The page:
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Cedric Faison, left, with his parents, Barbara and Charles, prepares to ring the gong, celebrating his completion of six weeks of radiation at UNC Hospitals.
Written by Elizabeth Swaringen for the UNC Medical Center News Office
CHAPEL HILL, N.C. – Cedric Faison intended to spend this spring semester finishing his undergraduate music education degree at East Carolina University. Instead, he’s spent most of the term at UNC Hospitals being treated for a brain tumor.
“I’ve always liked UNC, but this isn’t the way I intended to spend time in Chapel Hill,” said Cedric, 24, from Battleboro, N.C., in Edgecombe County. “I was a Tar Heel before my treatment, but I’m even more so now.”
A few headaches last fall weren’t concerning to Cedric, but a debilitating headache two days before Christmas sent him to his local emergency room. Within six hours, he had been airlifted to UNC Hospitals. A series of tests, including a biopsy, confirmed an aggressive, primary tumor in the left side of his brain.
“Technically, it’s known as gliomatosis cerebri, and only 200 cases have been recorded in medical literature since the late 1940s,” said David E. Morris, MD, associate professor at the UNC School of Medicine, co-director of the neuro-oncology multidisciplinary program at UNC Hospitals and leader of Cedric’s health care team.
“It’s most common in patients between the ages of 20 and 50 years, and in Cedric’s case, the tumor’s location can impact speech, the processing of information and the function of strength on the opposite side of the body,” said Dr. Morris. “For someone who is right-handed, as Cedric is, this is especially concerning. Given the rareness of the tumor, its location and Cedric’s age, we felt it best for him to be treated at a National Cancer Institute-designated Comprehensive Cancer Center hospital like UNC.”
For six weeks, Monday through Friday, Cedric received radiation once a day and took an oral chemotherapy daily. At the completion of the radiation treatments, Cedric was switched to a maintenance chemotherapy regimen that gives him one week-on and three weeks-off therapy.
“Cedric’s tolerated the radiation and chemotherapy well, with no debilitating side effects,” Dr. Morris said. “He’s been able to go about his daily routines, and so far, so good.”
But Cedric hasn’t played his clarinet – his musical instrument of choice – since his diagnosis. “I didn’t want to put any undue pressure or mess up what’s going on in here,” said Cedric, patting the hairless left side of his scalp. “But I’m doing good, just a little tired. My speech is better and my thought process is a lot better. For a while, I couldn’t read my computer screen and that scared me. My motor skills and balance are tested weekly, and I’m tested with questions that require me to reason and think. So far, I’ve passed all those tests.”
During the six weeks of his daily radiation treatments, Cedric and his mother, Barbara, 55, stayed at SECU Family House, a 40-bedroom hospital hospitality house minutes from UNC Hospitals that provides comfortable, convenient and affordable housing for adult patients undergoing treatment for critical illness and trauma and their family member caregivers.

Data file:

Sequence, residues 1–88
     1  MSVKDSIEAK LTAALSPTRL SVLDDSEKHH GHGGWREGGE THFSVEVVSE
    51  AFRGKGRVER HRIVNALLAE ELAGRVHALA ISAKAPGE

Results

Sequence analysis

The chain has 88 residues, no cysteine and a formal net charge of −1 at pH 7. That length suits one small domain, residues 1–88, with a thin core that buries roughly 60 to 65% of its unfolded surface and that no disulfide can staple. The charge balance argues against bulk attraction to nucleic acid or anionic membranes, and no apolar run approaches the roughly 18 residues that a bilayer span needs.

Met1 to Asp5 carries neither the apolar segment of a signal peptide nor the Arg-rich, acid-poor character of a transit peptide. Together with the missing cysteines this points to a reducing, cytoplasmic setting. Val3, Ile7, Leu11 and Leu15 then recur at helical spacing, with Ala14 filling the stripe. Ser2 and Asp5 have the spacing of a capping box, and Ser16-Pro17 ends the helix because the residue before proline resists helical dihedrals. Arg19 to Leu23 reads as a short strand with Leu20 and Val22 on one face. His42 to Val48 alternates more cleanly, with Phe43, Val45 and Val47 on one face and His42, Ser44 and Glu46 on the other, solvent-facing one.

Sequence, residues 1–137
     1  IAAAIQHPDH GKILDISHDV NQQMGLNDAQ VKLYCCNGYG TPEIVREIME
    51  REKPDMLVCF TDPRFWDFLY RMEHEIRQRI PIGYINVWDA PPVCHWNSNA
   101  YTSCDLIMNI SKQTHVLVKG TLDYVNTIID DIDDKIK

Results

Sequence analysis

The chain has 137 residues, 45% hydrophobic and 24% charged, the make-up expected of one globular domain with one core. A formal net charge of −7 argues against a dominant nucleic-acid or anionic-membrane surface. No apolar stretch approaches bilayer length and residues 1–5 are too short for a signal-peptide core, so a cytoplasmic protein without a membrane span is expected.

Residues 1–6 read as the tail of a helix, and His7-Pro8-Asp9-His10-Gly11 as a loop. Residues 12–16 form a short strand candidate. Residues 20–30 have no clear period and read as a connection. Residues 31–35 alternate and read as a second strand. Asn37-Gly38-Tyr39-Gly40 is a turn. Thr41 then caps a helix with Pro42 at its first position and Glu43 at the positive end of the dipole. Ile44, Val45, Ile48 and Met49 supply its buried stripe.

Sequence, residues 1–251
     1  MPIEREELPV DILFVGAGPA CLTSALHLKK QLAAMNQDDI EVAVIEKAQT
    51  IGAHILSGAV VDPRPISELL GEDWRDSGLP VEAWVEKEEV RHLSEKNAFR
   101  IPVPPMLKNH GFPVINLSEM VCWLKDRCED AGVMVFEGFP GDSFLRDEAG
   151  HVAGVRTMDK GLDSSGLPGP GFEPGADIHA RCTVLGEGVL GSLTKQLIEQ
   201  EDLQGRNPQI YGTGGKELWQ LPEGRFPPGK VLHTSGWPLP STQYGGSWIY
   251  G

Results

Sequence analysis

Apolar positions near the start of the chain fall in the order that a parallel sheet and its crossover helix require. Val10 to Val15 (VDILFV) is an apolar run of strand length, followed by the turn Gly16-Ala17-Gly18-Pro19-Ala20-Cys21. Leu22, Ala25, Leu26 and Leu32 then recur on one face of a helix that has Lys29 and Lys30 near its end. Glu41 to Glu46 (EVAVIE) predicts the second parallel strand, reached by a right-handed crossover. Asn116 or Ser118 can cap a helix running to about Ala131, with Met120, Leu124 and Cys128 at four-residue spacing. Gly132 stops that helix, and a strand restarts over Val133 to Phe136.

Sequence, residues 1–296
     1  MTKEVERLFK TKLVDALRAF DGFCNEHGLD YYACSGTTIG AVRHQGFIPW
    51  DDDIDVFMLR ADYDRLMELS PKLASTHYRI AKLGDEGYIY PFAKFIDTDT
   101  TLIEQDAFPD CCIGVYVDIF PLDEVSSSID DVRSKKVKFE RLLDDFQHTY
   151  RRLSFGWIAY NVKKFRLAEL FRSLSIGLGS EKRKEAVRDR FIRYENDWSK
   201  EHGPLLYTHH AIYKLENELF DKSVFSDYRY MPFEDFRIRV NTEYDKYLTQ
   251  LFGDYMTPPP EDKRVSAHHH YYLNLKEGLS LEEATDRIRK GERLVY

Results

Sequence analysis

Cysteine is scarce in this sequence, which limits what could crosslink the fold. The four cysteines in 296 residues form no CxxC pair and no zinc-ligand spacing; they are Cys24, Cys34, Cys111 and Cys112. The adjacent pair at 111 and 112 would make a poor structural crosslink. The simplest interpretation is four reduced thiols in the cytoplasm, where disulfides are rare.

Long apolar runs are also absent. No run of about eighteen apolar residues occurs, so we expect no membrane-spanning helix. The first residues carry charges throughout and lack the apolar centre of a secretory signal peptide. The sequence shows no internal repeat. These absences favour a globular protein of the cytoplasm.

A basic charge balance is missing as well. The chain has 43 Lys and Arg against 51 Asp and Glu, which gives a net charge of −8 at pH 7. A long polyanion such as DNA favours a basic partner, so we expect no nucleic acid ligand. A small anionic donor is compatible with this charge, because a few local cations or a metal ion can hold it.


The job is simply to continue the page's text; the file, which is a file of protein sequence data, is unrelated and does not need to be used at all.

“Being able to stay at Family House made Cedric’s treatment at UNC possible,” said Barbara. “We couldn’t make the drive from home every day. That first Monday the traffic was terrible, and it took us an hour to go five miles. We already had enough stress without that.”
Thereafter, Barbara’s husband and Cedric’s father, Charles, an employee of Kaba Ilco (formerly Unican Security Systems) in Rocky Mount, drove them to Chapel Hill Monday mornings and picked them up on Fridays after Cedric’s treatment so the family could be together on weekends. During the week, Cedric and Barbara took the shuttle to and from UNC Hospitals and SECU Family House.
“I like it here at Family House because it’s calm, and I like calm,” said Cedric. “And we’ve met some wonderful people.”
“We even met another band parent who’s here with her husband,” said Barbara. “She knows about the big competition near Scranton, Penn., that Cedric attended in high school because she’s been there with her own child. She knows all about those long weekends and late nights from September through November when you have a child in high school band.”
Barbara has been able to cook for Cedric in the SECU Family House kitchen, but both also have appreciated the generosity of volunteer groups from town and campus who organize home-cooked meals for Family House residents several nights a week. And the North Carolina Botanical Garden across from SECU Family House has beckoned for more than one spring afternoon walk.
“Still, as Dorothy said, ‘there’s no place like home’,” Barbara said, looking forward to returning to her sweetheart Charles, to Battleboro and to her work as a substitute teacher in the Edgecombe County Schools before April’s end. “We’ve been here for what we’ve had to do and enjoyed it – as much as you can enjoy being treated for something like this.
“Cedric’s had a very helpful team, and we trust them,” Barbara continued. “When we’ve had questions, they’ve had the answers. They seem to care – a lot – and because of that it’s easy to trust them. And I don’t trust just anybody with my ‘heart-drop’ as I call Cedric and his two brothers.”
Cedric now plans to graduate in May 2011, taking a full year to complete what’s needed to fulfill his degree requirements without putting undue stress on his healing body and mind.
“I was on track and ready to graduate this May, but my treatment is more important,” Cedric said. “I want to be better and well and enjoy my studies as I intended. I want to be ready for band camps and to teach some private lessons to middle- and high school students like I’ve enjoyed before.”